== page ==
“Who of you by worrying can add a single hour to your life? Since you cannot do this very little thing, why do you worry about the rest?”Luke 12:25–26, NIV
Worry is something that is hard for us not to do. Jesus wants to help. Read what he says in the Bible about worry and be comforted. Let’s look closely at a Bible verse in which Jesus teaches his disciples about worry.
Let’s use the AROMA Approach (from my book, The AROMA Approach to Bible Study) to study this passage.
- Arrange- determine the structure of the passage
- Read- several times in different translations
- Orient- understand the context
- Meditate- spend time engaging
- Agree- pray about what God showed you
–Greater certainty- “Who of you by worrying can add a single hour to your life?
–Lesser certainty -Since you cannot do this very little thing, why do you worry about the rest?”
Jesus again argues from the greater to the lesser. Logic defines this method as a fortiori , a Latin word that means “from the stronger” or “from the more certain”. As he seeks to convince his disciples that they should not worry, a fact they were likely not convinced of, Jesus, a master of logic, first confronts them with a more certain truth.
In the a fortiori system of logic, one makes an argument about one fact based on the certainty of another. In this case, Jesus states the easily seen and well-known fact that his listeners can not “add a single hour” to their lives. So if this fact is true, how much more is it true that you should not worry about anything else in life.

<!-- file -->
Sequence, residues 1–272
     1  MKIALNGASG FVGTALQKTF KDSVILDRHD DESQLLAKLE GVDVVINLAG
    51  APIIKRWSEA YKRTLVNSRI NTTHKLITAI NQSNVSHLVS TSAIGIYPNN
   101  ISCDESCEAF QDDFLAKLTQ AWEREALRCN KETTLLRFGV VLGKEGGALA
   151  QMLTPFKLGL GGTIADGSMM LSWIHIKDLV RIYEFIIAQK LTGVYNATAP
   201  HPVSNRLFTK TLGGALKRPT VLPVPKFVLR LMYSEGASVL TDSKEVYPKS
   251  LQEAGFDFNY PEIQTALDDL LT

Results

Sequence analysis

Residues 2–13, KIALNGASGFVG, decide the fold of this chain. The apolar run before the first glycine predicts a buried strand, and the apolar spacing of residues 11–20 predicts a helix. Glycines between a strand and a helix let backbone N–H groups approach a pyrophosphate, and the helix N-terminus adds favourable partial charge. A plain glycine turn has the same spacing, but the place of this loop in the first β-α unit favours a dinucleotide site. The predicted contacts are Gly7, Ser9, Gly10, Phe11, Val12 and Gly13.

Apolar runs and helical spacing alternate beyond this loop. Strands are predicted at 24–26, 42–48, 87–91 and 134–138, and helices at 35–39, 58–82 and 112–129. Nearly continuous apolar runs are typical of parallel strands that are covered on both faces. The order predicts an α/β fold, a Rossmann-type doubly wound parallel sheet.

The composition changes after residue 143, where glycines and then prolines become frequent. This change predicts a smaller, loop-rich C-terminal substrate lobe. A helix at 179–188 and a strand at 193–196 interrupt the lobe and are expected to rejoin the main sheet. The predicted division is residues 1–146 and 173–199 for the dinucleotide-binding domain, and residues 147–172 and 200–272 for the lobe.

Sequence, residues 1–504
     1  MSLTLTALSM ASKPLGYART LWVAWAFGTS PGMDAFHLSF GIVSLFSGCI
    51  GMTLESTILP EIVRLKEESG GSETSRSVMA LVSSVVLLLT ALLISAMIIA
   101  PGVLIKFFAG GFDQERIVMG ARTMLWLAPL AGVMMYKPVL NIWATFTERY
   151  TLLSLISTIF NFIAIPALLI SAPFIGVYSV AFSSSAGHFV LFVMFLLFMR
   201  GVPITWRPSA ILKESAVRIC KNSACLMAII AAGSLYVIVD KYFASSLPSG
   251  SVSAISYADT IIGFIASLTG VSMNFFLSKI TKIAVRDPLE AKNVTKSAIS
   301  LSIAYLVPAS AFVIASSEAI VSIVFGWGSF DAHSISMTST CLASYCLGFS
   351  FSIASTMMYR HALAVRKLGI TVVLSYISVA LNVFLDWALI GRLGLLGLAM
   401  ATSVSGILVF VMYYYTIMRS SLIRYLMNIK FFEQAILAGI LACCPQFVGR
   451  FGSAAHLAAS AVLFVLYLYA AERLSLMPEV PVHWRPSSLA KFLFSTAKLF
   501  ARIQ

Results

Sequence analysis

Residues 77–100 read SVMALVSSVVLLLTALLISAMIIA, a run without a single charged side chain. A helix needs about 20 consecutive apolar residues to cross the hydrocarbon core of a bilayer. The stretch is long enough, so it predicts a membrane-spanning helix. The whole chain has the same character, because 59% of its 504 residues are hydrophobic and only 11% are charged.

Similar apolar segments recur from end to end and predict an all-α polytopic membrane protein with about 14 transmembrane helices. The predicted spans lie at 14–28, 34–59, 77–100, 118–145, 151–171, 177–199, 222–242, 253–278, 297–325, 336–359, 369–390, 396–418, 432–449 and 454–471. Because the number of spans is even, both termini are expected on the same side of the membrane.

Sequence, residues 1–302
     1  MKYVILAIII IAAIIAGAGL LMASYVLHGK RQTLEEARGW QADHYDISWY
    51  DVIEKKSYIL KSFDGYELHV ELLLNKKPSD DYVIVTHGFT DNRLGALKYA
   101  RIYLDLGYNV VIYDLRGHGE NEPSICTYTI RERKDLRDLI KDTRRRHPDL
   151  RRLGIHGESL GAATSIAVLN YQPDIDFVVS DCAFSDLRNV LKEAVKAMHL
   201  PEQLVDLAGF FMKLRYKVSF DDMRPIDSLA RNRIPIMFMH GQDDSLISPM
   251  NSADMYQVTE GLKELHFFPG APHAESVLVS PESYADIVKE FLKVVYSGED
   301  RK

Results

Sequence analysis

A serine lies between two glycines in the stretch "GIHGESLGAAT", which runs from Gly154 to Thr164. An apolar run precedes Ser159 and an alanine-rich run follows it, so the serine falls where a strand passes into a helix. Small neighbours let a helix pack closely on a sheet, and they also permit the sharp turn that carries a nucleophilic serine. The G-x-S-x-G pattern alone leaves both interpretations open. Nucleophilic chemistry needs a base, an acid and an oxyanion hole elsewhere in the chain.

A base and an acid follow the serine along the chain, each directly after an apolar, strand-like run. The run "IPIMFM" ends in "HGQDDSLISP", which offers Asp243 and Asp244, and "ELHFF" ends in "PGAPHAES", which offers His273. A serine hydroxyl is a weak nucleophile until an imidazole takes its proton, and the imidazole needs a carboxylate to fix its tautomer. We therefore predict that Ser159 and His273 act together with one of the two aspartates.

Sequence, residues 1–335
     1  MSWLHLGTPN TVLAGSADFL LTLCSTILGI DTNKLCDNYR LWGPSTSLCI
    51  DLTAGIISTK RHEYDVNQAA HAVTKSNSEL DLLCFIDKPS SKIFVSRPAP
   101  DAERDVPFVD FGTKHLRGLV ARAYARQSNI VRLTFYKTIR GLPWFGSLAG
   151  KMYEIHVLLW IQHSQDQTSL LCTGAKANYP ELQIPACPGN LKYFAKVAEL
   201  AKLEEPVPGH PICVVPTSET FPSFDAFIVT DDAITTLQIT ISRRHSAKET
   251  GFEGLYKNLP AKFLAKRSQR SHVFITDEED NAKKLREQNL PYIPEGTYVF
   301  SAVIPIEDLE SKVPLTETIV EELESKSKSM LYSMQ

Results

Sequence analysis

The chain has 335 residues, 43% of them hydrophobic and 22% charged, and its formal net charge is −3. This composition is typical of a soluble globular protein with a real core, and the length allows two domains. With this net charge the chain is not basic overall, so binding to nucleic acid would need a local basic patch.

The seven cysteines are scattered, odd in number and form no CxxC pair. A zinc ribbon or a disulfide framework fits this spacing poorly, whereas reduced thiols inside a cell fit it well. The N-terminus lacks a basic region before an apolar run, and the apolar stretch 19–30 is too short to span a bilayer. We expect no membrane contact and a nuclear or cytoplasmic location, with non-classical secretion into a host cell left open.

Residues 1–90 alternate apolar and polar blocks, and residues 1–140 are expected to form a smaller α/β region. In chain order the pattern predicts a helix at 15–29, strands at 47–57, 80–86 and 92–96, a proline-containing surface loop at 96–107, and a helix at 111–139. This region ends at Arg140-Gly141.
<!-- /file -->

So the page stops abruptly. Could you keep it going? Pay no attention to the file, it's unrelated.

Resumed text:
Jesus combines his greater to the lesser argument with a rhetorical question. The question is designed to cause the hearers to stop and think and consider information in a new way. “Wow! I never thought of it that way. If worrying can’t even add one hour to my life why should I worry about other things?”, we can imagine the disciples thinking. Today as we read our Bibles we are confronted with the same question and the same opportunity to change our thinking about worry.
These verses find us still traveling with Jesus as he set his face to go to Jerusalem, teaching his disciples along the way. Jesus knows what is ahead and knows his disciples will tend to worry. Jesus needed to teach them not to worry in a way that would be memorable.
Why do we worry? It’s irrational, isn’t it? We know that worrying can’t change or help anything, yet we do it. Jesus addresses the futility of our worry with what seems like a mundane example. If we can not add even one hour to our lives by worrying, why do we think we can change the course of a pandemic by worrying about it? God is the one who created us and ordained the amount of time we live. The amount of time we live is ultimately in his hands. This God will also keep us and provide for us in every way.
Consider some reasons why we worry:
- We don’t fully trust God with our lives.
- We want to feel in control.
- We find comfort in it.
- It’s a habit we don’t realize how much we are in bondage to it
- We are used to it. For some of us, worry is a like a long-time friend who always drags us down or a tattered, old blanket that no longer keeps us warm. It’s hard to give it up.
Jesus challenges us to give up worry. Not only does it accomplish nothing, it is not good for us. It is paralyzing and distracting from the truth. The truth is, in times of worry, we need to put ourselves in the arms of Jesus and trust him to carry us through any challenges we face. Admitting the uselessness of worry frees us to admit the power of God to get us through every trial we face.
Every time you find yourself worrying, think about God’s promises and power instead. Repeat several times a day or an hour if you need to.
Lord, free me from the bondage of worry. Help me to put my faith and trust in you and you alone. You are the God who created the universe and rules over the earth. I praise you, Lord, for your power and majesty. Thank you for loving me and caring for me.